For on-site document retrieval in Chicago, I recommend contacting Steven Wright (Joliet Genealogy) or Kim Stankiewicz (Chicago Ancestry). Both are experienced researchers who make frequent trips to Chicago-area archives to do client work.
If you can't visit in person, you can request a search by mail and have paper copies sent to you or you can hire a local researcher.
There are some advantages to having someone make the trip for you. First, if the file is unusually large and you have a tight budget, you can ask the researcher to choose which documents to copy. And, if the researcher scans or photographs the documents, the color images can make it look like you're holding the actual records in your hand.
Not really. If you want to view a case file, you'll have to visit the Daley Center or have a copy made for you. But, there are a few things you can do from a distance.
There are also a significant number of bound probate records available through Ancestry's Illinois, Wills and Probate Records, 1772-1999 collection that appear to have been digitized from the same films that are available through FamilySearch. The volumes include administrators' bonds and letters, grants of administration, guardians inventories and bonds, grants of guardianship, index to minors and conservators estates, and wills.
Begin by searching these records. If you don't find a match, try browsing. Many of the volumes have indexes in the front.
FamilySearch includes a collection titled Illinois Probate Records, 1819-1988 but no Cook County records are included.
Probate files vary in size, ranging from a small number of documents to multiple letter-legal boxes packed tight with records. Early cases are likely to be a stack of tri-folded documents, ranging from one to five inches thick.
Probate files may include letters of administration, an inventory, a record of an estate sale, accounting, bills from creditors, and a report of final disbursement.
Most importantly, Cook County probate files usually contain a "Proof of Heirship" document rich in genealogical information. For example, in one case, a son, when asked to name the children born to his mother, included siblings who were born and died before the Chicago Fire and between census years.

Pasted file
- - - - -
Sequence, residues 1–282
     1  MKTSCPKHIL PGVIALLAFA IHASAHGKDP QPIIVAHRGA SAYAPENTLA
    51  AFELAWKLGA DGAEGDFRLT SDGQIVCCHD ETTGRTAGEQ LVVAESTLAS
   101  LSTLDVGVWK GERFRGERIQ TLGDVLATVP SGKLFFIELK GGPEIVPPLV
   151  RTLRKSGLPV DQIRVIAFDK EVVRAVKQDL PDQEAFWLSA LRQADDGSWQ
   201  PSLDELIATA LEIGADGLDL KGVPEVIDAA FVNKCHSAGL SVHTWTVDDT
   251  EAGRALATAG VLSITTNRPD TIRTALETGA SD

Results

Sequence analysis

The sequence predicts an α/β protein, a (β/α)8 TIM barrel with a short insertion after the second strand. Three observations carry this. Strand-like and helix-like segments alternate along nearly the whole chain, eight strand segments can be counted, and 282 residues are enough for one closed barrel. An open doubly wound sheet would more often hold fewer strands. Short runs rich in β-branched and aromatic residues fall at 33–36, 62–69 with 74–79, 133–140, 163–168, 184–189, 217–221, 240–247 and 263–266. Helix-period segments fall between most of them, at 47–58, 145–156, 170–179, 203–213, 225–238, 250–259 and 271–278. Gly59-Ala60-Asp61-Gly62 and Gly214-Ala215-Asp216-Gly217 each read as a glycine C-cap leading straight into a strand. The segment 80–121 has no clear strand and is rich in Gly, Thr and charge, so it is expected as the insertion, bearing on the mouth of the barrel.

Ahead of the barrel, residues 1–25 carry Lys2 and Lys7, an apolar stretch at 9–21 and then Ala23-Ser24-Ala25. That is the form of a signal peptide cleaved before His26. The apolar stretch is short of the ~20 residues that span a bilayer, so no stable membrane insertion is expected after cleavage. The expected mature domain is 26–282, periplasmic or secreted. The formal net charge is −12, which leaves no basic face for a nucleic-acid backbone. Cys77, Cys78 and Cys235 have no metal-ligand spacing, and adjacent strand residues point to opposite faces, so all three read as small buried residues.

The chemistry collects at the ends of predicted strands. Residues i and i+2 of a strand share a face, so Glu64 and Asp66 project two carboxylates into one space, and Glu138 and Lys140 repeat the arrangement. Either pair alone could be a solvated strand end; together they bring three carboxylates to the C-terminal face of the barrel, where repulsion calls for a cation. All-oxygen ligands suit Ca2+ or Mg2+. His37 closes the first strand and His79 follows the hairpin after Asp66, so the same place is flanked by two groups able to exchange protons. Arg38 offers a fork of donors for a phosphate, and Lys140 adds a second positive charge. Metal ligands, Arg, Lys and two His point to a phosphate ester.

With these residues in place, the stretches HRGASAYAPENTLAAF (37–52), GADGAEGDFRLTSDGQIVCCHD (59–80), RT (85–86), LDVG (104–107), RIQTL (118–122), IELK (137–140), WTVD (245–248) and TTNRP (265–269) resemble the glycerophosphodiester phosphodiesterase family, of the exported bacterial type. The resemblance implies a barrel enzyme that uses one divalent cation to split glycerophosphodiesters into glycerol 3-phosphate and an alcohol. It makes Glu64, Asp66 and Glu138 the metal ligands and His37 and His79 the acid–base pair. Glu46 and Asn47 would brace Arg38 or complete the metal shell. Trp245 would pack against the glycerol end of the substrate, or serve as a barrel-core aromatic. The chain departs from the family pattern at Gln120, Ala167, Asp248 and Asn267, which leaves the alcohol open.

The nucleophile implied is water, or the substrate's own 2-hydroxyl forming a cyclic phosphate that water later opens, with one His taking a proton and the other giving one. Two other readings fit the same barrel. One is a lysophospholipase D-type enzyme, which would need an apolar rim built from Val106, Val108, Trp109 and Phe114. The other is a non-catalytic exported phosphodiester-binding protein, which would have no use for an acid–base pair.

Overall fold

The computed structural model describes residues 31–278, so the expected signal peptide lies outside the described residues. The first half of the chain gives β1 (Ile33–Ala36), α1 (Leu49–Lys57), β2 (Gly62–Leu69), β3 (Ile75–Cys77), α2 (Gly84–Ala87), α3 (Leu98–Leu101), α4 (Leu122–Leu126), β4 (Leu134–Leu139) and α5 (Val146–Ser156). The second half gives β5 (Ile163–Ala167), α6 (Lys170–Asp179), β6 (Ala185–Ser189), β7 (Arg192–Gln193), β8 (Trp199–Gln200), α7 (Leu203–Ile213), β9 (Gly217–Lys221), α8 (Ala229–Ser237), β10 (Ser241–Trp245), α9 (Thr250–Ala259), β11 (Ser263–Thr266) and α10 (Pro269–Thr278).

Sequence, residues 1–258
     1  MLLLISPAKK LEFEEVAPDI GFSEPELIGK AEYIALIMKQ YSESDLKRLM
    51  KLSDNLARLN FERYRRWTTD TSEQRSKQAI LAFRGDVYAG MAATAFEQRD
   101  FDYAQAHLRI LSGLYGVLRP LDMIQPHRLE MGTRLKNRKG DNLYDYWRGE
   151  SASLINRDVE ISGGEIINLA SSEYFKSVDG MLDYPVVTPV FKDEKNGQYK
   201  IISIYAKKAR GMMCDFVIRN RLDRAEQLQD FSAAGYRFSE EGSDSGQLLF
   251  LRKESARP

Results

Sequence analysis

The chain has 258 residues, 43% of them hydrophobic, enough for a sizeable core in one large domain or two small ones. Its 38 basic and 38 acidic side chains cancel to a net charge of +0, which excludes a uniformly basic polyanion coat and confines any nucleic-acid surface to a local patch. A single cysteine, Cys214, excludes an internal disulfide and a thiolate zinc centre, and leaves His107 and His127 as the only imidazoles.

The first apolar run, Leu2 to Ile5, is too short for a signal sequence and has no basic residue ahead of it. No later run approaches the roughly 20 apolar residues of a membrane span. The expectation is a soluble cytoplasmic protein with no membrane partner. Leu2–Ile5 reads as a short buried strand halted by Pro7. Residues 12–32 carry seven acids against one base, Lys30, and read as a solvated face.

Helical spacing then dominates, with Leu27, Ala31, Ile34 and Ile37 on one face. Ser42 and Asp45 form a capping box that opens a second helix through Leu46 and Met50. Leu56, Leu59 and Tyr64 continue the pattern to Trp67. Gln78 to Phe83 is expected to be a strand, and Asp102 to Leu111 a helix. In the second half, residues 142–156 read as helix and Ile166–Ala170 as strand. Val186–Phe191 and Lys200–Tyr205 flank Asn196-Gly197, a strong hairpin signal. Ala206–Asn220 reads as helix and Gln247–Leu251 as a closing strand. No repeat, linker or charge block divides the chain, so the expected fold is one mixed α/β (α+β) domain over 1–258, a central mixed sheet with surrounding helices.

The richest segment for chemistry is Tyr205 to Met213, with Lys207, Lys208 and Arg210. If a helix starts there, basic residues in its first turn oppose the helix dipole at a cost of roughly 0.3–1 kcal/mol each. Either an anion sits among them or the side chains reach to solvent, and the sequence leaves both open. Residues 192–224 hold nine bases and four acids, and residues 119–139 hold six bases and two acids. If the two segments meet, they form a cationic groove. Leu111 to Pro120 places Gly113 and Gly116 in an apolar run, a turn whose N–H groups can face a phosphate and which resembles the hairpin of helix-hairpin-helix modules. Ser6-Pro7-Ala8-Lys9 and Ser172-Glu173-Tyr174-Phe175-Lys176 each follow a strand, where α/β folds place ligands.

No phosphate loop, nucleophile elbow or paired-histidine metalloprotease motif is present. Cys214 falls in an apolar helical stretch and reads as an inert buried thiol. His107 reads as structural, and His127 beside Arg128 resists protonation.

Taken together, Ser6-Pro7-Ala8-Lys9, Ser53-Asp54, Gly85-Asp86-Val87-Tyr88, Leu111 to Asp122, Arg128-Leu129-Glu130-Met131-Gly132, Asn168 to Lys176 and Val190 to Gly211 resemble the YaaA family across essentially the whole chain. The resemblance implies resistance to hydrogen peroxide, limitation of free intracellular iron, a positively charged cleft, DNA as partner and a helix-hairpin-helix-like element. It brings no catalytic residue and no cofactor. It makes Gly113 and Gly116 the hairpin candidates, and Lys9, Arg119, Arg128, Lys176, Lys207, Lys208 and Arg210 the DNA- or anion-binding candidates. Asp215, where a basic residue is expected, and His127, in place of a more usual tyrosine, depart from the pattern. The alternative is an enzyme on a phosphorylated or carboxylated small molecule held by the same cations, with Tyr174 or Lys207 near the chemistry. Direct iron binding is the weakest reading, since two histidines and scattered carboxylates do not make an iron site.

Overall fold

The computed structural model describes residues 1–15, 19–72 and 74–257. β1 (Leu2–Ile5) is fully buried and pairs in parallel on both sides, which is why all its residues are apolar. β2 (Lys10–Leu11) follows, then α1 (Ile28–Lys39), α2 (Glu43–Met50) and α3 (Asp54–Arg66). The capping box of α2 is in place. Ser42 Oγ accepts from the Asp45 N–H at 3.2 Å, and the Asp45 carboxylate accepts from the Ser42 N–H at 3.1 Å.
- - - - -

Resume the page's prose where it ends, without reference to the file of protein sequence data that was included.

Files may also contain bills from creditors that can paint an interesting picture of the deceased's life. Bills for funeral expenses are common but files may also include bills for items such as home repairs, medical expenses, food, and clothing.
Yes. If you're planning to use your cell phone to take pictures, consider installing the ScannerPro app. It's well-suited to the task.
If storage space on your phone is limited, plan ahead so you can transfer images to your computer or the cloud while you work.
Some of the early tri-folded documents may be hard to flatten. Consider taking weights unless you want your fingers in the photos.
Small, portable flatbed scanners are allowed but access to power outlets is inconvenient and, quite frankly, it gets in the way of other patrons. A fully-charged laptop with a scanner that is powered by USB (think CanoScan LiDE 120) works great. Take a piece of heavy posterboard (doubling it works great) cut to the size of the scanner bed. It makes it easy to hold the tri-folded documents flat and in place while closing the cover.